At What Age Can a Child Know Right From Wrong?
As early as age 2 or 3, children can already know or feel the difference between right and wrong. How does this happen and what’s our role as parents when it comes to helping them understand fairness, justice and good behaviour?
First, it’s important to understand the heavy influence of the environment. We’re not only talking about how the home looks like. We’re also talking about what children see and hear. It’s also about what they encounter and what they interact with daily.
At what age can a child know right from wrong
It’s a lifelong process and journey but it can start as early as age 2 or 3. After all, we adults are still learning what’s right and what’s wrong and often our standards change through the years. But how did we learn all that and recognised the difference?
Most likely it’s a sum total of our experiences. In our early years we might have just picked good behaviours from our early examples (which are our parents and other people we spend much time with). We’re starting from a blank slate which is why our early experiences and examples rush in to fill the paper. As we get older, we become more discerning on which actions to emulate because our experiences and thinking have expanded.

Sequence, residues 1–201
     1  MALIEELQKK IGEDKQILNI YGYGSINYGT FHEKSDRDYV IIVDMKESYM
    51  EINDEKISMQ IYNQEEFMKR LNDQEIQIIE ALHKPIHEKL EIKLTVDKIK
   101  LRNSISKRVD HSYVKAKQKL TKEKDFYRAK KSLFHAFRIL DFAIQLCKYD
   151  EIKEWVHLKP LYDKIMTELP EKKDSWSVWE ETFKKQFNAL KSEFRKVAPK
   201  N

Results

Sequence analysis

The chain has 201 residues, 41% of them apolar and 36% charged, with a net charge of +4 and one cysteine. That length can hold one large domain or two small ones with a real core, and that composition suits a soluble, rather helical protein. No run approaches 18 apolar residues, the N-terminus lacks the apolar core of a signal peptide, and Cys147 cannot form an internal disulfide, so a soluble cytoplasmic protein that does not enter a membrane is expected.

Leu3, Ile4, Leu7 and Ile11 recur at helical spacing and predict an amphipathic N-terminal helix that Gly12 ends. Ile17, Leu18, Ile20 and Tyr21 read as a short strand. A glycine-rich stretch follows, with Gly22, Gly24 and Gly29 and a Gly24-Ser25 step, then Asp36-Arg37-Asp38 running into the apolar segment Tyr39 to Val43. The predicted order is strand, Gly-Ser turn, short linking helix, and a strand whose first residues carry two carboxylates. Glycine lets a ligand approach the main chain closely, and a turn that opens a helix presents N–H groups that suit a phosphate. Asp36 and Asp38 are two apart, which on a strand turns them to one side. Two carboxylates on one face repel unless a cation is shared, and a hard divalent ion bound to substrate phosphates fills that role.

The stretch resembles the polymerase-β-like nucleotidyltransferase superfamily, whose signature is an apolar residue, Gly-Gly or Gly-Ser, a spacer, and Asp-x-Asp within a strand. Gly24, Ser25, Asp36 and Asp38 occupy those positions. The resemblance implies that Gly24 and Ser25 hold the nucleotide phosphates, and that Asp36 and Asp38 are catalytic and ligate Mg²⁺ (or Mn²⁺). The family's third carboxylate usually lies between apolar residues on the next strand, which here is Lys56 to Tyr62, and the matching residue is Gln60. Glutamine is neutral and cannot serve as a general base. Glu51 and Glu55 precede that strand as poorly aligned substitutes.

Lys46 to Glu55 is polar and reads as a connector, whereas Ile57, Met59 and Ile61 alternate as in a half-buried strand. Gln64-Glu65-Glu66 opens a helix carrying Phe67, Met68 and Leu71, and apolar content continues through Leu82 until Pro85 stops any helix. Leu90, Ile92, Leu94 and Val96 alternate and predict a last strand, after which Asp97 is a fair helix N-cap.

Due to our children’s limited experience, most likely they only imitate what they see. This means we have a serious responsibility as parents when it comes to guiding them. In other words, our own behaviours and responses shape what our children think and how they recognise right from wrong. As they see good behaviours that show fairness and justice, they learn to build their expectations about the world and how other people will behave towards them (as well as how our children will respond to other people’s actions).
Becoming excellent examples is much more effective than rewarding or punishing certain behaviours. Children are making associations and building their expectations each moment and even while they’re asleep (their brains are always busy forming neural connections). This seems then that we don’t have much control about what happens but in fact, we can initiate and heavily influence the process.
We can accomplish this by becoming great role models and making sure they’re in an environment where fairness, justice and cooperation are the everyday things. Keep in mind though that the results will be far from perfect. There will still be mistakes and those unexplainable behaviours which you wonder where your child got them. Good thing is that with your proper guidance and example, your child can still be on the right track when sensing right from wrong.